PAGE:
PLAYING WITH MATCHBOX CARS*
I'm sitting up here on our green hill
with my two year old son,
under the apple trees, bent & heavy with fruit.
The leaves are a green frieze,
an illumination from The Book of Hours.
He's not looking here
but down over the hill
to the pattern of traffic on the country road below.
Little cars, little cars, he points & beams.
They glint in the sun, chromium bright,
like the metal cars he clutches in his fists,
even in sleep.
Most mornings, he spends hours stacking wooden blocks,
creates intricate machines out of plastic legos,
lines up those shiny cars
in such precise rows.
And here he sits,
spellbound by the ebb & flow of traffic,
the swish & rush of cars going and coming,
pickup trucks, tractor trailers, cement mixers,
his personal litany.
I sit down beside him on the grass,
cold in this pale October light
under the green tent
and with him watch the eighteen wheelers
struggle up the hill.
* * *
A winter evening,
sky, the color of cobalt,
the night coming down like the lid on a pot.
On the stove, the ghosts of summer simmer:
tomatoes, garlic, basil, oregano.
Steam from the kettle rises,
wreathes the windows.
You come running when I reach for the grater,
"Help me?" you ask, reversing the pronouns,
part of your mind's disordered scramble.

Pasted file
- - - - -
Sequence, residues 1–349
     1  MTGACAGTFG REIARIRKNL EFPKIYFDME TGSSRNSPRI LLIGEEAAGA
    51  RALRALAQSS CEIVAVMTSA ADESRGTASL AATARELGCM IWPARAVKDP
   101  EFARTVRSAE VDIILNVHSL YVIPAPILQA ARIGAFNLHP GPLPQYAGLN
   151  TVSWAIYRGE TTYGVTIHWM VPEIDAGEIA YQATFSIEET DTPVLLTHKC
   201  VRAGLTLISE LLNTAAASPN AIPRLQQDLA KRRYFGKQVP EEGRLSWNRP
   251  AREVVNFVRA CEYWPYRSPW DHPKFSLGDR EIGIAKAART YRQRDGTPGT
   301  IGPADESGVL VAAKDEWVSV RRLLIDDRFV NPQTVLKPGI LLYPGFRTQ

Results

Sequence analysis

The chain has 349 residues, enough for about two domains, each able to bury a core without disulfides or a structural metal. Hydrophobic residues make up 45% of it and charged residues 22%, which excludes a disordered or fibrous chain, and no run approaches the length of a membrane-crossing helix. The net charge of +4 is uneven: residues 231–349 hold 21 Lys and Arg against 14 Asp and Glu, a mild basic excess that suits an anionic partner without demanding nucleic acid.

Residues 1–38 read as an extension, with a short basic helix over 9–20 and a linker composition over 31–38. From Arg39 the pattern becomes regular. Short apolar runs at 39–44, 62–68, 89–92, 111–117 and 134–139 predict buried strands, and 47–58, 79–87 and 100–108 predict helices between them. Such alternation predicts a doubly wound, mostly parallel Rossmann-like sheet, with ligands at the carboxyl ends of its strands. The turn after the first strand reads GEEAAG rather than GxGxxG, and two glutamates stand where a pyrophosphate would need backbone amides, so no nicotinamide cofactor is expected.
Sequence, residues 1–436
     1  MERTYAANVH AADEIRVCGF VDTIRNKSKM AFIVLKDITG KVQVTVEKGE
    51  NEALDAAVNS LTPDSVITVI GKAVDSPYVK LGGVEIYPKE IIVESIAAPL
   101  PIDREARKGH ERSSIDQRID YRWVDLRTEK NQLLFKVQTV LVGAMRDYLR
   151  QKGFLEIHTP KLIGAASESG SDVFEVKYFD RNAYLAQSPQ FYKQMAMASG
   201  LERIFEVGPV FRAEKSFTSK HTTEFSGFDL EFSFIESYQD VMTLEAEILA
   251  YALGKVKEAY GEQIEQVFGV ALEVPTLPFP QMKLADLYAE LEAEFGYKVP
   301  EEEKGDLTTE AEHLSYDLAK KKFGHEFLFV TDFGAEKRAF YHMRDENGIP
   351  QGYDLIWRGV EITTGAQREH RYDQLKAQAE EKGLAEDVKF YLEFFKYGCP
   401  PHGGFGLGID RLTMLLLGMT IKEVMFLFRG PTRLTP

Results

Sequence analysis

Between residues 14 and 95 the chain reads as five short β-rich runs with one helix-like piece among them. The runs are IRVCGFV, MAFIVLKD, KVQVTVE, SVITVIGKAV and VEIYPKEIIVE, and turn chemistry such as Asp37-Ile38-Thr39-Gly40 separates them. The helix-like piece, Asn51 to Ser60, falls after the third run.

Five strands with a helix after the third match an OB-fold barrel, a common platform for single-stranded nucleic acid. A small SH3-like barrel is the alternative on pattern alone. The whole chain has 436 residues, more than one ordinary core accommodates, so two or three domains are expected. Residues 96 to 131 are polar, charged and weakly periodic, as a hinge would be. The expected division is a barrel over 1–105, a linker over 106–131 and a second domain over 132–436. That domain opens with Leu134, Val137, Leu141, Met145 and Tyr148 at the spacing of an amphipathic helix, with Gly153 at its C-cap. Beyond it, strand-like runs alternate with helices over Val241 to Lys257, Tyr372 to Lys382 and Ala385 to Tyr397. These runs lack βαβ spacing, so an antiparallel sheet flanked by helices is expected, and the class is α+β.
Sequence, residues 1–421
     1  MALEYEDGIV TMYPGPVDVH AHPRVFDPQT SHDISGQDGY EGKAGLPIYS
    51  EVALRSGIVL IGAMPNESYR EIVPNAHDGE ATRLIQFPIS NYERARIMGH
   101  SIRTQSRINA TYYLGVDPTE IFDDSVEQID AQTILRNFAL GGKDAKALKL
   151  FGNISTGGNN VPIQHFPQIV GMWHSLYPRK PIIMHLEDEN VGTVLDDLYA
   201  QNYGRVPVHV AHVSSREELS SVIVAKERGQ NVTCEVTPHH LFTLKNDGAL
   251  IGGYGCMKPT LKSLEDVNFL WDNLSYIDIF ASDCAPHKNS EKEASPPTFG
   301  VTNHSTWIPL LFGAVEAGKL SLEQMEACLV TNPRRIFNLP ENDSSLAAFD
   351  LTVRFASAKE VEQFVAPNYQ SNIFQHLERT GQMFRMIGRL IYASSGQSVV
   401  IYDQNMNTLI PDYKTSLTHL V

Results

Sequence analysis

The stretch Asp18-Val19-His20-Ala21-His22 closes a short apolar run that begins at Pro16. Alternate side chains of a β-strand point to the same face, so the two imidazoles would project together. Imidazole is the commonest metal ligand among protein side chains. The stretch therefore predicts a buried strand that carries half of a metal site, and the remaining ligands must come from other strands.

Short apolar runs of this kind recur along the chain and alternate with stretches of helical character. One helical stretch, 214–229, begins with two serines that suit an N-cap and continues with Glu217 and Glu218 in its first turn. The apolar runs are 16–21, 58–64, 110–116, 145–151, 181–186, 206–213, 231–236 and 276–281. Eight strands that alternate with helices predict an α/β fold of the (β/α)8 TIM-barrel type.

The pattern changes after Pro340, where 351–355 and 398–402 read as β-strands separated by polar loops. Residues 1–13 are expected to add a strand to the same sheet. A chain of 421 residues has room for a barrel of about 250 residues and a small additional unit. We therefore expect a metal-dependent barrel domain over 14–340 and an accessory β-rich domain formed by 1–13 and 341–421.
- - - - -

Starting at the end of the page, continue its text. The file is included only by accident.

Together, we hold the rind of the cheese,
scrape our knuckles on the metal teeth.
A fresh pungency enters the room.
You put your fingers in the fallen crumbs:
"Snow," you proudly exclaim, and look at me.
Three years old, nearly mute,
but the master of metaphor.
Most of the time, we speak without words.
Outside, the icy stones in the sky
glitter in their random order.
It's a night so cold, the very air freezes flesh,
a knife in the lungs, wind rushing
over the coil of the planet
straight from Siberia,
a high howl from the wolves of the steppes.
As we grate and grate, the drift rises higher.
When the family gathers together,
puts pasta in their bowls,
ladles on the simmered sauce,
you will bless each one
with a wave of your spoon:
You're the weatherman
of the kitchen table.
And, light as feathers,
the parmesan sprinkles down,
its newly fallen snow
gracing each plate.
* * *
THE LOWEST COMMON DENOMINATOR
My son and I sit at the kitchen table,
working with fractions. He doesn't see
the need to reduce, would just as soon let
12/16 or 8/24 live in their binomial splendor
than pare them down
to austere quarters or thirds.
I am thinking about literature, how it all
can be reduced to love or loss
when you get right down
to the heart.
Let's let X mark the spot.
See Spot run. Oh, Jane,
where is Puff? Where is Baby Sally?
I am Jane, in a plaid cotton dress
with a Peter Pan collar, sturdy shoes.
Now I have a child with,
as they say, global delays,
which means a kindergartner playing
in the body of a spotty adolescent.
What equation can we use
to find his place in the world? d = C/Π &Pi?
Oh, he's happy as pie when he sits
on the driveway with a map of, say,
New Jersey, plotting imaginary trips.
Take I-78 east to route 611 south …
And off we go, on our careening journey.
When death, that great subtracter, comes,
what will happen then? Only love,
the common denominator of the kitchen
table, will remain.